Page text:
Table 2: Percentage of graduates by field - Source: Eurostat (educ_itertc)
Table 3: Country-specific notes, education statistics - Source: Eurostat

It is a well-known fact that relatively more women than men follow tertiary-level programmes (universities, polytechnics etc.). The noteworthy exceptions are subject-related. However, as a general trend, over the last decade more women than men entered tertiary education. In 2000 53.7 % of students were women; this percentage rose to 55.7 % in 2009 for the EU-27. The widest gap was in Latvia and Iceland (outside the EU) where nearly two-thirds of tertiary level students were women. On the other hand, the majority of students in Cyprus, plus Liechtenstein, Turkey and Japan (outside the EU), are men.

By contrast, there were relatively more men in initial vocational education and training (at upper secondary level). These programmes focus on learning a trade or vocation which normally leads directly to a labour-market-relevant qualification (but can also lead to higher levels of (vocational) education). At EU level 56.5 % of those in initial vocational training were men in 2009, up from 53 % in 2000. In 2009 men were in the majority in all countries, except Ireland, Belgium and the United Kingdom.

Likewise, at upper secondary level, relatively more women followed general programmes (high school, lycée etc.) giving access to tertiary-level education but normally not to a direct labour market qualification. In 2009 the female majority stood at 54.8 %, down from 55.9 % in 2000 at EU level and with the same levels in most EU Member states.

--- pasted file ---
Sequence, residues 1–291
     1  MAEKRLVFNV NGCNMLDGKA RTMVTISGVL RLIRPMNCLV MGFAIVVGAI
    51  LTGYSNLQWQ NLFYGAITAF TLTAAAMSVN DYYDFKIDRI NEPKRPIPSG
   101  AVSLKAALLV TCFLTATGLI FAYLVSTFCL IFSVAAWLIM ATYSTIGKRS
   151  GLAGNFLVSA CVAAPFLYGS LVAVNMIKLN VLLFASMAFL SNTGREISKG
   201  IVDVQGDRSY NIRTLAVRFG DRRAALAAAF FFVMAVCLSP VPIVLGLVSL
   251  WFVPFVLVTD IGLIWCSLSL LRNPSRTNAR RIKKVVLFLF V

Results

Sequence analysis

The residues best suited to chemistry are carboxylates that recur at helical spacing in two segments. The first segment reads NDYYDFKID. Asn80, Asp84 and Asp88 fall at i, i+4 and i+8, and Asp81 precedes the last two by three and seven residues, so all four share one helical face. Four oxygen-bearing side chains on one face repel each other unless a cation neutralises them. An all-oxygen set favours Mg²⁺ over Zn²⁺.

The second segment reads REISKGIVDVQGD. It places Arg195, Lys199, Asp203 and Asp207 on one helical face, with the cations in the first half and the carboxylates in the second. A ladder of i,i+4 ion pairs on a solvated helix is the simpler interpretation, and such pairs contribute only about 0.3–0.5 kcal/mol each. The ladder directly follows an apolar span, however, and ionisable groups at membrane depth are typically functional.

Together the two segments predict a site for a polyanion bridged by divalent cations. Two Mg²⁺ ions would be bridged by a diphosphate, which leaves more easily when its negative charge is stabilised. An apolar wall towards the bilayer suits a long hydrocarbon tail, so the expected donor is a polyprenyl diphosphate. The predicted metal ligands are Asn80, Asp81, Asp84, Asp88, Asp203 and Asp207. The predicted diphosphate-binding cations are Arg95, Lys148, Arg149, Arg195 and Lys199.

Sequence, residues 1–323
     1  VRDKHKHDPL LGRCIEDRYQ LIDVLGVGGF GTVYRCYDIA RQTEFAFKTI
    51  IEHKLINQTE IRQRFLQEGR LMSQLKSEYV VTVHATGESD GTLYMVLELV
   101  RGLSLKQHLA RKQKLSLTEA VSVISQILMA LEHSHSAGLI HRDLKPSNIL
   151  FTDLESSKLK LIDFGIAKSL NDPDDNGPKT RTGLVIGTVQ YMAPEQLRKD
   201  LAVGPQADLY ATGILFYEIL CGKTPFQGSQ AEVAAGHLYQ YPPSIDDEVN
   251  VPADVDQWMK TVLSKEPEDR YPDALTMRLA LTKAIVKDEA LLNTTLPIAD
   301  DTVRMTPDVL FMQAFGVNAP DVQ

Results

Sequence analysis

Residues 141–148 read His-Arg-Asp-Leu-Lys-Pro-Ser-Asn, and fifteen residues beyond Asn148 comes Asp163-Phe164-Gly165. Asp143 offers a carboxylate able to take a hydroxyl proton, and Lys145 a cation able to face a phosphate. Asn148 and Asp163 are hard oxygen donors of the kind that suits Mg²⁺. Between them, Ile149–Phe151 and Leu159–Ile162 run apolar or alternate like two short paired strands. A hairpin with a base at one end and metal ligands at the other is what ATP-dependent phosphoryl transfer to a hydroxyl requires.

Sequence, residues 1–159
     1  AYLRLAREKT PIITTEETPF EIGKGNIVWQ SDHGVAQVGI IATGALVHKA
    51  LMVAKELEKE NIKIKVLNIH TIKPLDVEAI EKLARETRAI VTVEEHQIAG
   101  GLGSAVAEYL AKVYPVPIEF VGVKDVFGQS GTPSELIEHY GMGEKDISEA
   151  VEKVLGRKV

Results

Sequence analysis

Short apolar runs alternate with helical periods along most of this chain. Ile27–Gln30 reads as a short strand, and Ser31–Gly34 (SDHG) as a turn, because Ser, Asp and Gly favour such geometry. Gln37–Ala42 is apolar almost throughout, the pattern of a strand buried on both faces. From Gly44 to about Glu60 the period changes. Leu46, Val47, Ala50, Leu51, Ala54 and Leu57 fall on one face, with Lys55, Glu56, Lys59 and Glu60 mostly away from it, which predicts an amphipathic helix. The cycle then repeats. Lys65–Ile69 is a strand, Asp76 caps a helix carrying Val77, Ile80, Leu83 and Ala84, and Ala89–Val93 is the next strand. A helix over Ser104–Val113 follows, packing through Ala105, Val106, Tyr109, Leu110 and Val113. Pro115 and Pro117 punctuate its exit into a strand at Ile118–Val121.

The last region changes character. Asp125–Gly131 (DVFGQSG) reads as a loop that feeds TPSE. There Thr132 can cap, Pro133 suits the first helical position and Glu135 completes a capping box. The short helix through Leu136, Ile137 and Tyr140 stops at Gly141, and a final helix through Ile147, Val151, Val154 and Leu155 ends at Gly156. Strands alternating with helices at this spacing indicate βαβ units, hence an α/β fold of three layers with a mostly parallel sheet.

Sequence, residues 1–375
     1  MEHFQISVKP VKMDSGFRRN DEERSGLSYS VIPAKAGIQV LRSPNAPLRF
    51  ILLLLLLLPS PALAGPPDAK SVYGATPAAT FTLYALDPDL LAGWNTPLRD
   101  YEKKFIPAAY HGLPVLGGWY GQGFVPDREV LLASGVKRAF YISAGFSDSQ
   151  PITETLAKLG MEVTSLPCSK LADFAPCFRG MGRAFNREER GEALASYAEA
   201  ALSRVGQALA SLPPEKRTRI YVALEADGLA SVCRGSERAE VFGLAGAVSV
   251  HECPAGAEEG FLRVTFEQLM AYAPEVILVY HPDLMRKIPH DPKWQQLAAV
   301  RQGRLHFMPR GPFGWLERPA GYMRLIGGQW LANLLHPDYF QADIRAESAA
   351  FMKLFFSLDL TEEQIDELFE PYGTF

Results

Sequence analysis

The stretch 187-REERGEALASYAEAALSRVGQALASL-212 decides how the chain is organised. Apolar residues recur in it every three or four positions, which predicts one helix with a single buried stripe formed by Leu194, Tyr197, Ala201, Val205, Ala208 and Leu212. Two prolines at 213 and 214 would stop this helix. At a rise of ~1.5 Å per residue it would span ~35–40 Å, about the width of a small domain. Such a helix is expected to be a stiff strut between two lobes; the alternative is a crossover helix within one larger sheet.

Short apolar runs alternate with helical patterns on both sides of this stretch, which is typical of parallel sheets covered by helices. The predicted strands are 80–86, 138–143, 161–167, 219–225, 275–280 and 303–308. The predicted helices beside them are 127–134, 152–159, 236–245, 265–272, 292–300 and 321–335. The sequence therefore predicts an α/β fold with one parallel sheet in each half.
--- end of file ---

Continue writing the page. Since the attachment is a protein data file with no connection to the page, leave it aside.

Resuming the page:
Women in the teaching profession

Women dominated the teaching profession, particularly in primary education, but less so at lower and upper secondary education.

At primary level the share of female teachers was above 90 % in many new Member States (Bulgaria, the Czech Republic, Estonia, Latvia, Lithuania, Hungary and Slovenia) as well as in Italy. Within the EU and the EEA, as well as the EU candidate countries, women teachers were always in the majority in primary education, although the distribution was nearly equal in Turkey, and less unbalanced (<80 % females) in Denmark, Spain, Luxembourg, Portugal and Finland (Table 1).

At upper secondary level this pattern was less pronounced, with a few countries employing a majority of male teachers (Germany, Spain, Luxembourg, Malta and the Netherlands within the EU). However, overall there was also a significant majority of women teachers at upper secondary level, particularly in Latvia, Bulgaria, Estonia and Slovakia.

The proportion of female teachers at upper secondary level has increased in most countries since 2000 and significantly in countries such as the Czech Republic, Luxembourg, Hungary and the Netherlands as well as in the former Yugoslav Republic of Macedonia outside the EU (from 9 % to 13 %).